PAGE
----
The crowd at the Winter Garden Theatre erupted with applause on July 31 as Alex Brightman, the leading man of Beetlejuice, took the stage. Brightman had the audience hanging onto every note, meta-reference and hilarious joke for the entirety of the musical.

With an incredible cast, an updated storyline and more special effects than you can count, Beetlejuice is an electric new addition to Broadway’s lineup. 

Unless you’re completely blind to popular culture, you’ve at least heard of the film Beetlejuice. Directed by Tim Burton, the film follows a teen named Lydia, who’s forced by her dad and stepmom to move into a house that’s already inhabited by a ghost couple and a demon named Beetlejuice. Lydia makes it her personal mission to befriend the ghosts and scare her parents into moving. 

However, the musical holds a slightly different plot, with the couple dying in a house accident instead of a car crash and pulling the time period into present day, so technology and 2019 lingo are present. 

With the updated storyline comes updated jokes, such as Brightman telling the ghost couple “New phone; who dis?” and the use of a “you up?” text at 3 a.m. The jokes are funny not only for fans of the film but also for adults and millennials alike. 

Though the jokes are quite funny, it’s Brightman who truly brings the show to life. His energy is unmatched by any actor in the game right now, and he is truly the definition of triple threat. To be able to sing in the Beetlejuice character voice for eight shows a week is no easy feat, and Brightman truly knocks this role out of the park. Brightman is truly a treasure, in more areas than just Broadway.

Beetlejuice is a Broadway gem for multiple reasons, but one of the biggest ones is the fact that there are no weak links among the cast. At the ripe age of 18, Sophia Anne Caruso is co-starring with Brightman as Lydia. Lydia is a really iconic role pioneered by Winona Ryder, and Caruso takes on the challenge and absolutely thrives. Her goth-like edge and phenomenal vocals are a huge chunk that puts the Beetlejuice puzzle together.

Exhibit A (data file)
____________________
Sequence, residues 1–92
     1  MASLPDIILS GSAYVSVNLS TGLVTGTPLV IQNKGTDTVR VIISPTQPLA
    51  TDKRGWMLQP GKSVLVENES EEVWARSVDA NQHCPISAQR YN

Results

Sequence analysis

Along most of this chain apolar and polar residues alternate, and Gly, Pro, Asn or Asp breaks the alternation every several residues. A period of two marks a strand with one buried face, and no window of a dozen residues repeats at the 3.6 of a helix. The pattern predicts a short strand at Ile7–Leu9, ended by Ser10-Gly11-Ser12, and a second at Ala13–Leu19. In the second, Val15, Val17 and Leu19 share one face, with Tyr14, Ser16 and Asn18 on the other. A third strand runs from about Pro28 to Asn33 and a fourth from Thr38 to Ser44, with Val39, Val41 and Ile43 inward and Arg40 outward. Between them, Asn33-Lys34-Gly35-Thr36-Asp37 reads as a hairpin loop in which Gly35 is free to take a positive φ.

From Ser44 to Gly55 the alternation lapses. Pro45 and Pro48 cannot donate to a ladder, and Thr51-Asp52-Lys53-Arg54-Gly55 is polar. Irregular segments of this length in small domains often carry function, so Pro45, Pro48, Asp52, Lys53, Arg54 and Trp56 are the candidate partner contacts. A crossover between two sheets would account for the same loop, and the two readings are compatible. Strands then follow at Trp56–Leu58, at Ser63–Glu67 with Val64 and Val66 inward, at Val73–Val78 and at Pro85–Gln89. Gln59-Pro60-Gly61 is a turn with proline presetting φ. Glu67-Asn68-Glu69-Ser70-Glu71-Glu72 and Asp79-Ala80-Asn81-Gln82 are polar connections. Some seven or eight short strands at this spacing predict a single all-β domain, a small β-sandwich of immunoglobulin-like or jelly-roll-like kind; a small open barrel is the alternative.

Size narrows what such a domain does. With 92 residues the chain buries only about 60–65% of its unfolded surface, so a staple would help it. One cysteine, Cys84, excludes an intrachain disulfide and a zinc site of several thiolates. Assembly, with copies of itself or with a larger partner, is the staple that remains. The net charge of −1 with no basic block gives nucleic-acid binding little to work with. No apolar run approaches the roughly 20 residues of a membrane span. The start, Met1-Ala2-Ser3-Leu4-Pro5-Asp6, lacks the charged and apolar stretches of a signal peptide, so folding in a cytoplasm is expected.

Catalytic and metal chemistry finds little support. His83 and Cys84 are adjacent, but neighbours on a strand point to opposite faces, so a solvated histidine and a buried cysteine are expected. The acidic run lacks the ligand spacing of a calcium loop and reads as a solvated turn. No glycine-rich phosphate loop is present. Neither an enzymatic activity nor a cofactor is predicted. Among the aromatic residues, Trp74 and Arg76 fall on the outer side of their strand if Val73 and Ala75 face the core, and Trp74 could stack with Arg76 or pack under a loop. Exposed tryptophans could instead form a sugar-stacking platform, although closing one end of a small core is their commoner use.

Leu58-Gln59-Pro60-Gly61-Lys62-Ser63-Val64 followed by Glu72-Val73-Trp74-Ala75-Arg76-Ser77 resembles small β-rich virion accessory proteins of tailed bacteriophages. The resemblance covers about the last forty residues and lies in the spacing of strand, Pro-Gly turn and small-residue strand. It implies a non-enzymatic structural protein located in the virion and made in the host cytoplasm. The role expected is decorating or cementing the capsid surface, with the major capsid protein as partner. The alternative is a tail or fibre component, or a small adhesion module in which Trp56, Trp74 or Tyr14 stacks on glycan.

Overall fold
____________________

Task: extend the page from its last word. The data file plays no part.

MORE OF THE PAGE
Adam and Barbara, the ghost couple who inhabits the house, are portrayed by Rob McClure and Kerry Butler. The duo play the perfect suburban couple and spew talent in every direction. The other brilliant member of the cast is Leslie Kritzer, who plays Lydia’s stepmom, Delia. Kritzer provides the typical comic relief character in a show that’s already roaringly hilarious. 

The musical provides some great nods to the film, like the “Jump in the Line” scene with a floating Lydia, the iconic “Day-O (The Banana Boat Song)” scene where everyone at the dinner party gets possessed and even the shrunken head man makes an appearance. The nods to the film are done in an elegant way that don’t distract from the updated musical version but properly honor the film.

As far as special effects go, Beetlejuice blows every other Broadway show out of the water. With removable scalps, drawing chalk doors, giant sand snakes and floating people, there’s an endless supply of special effects that keep the audience guessing what’s next at every turn. The musical passes the special effects test with flying colors, providing jaw-dropping moments for audience members.

Another great aspect of the musical is the fact that the music is incredibly on brand. It can be hard to create music to go with a film that’s so iconic so many years later, but Eddie Perfect did an incredible job creating thrilling, audience-interactive music that’s captivating from the moment the orchestra begins to play. 

If you’re able to, Beetlejuice is certainly a must-see Broadway musical. With a phenomenal cast, rocking music and wild special effects, it’s safe to say Beetlejuice the musical is a Broadway diamond. 


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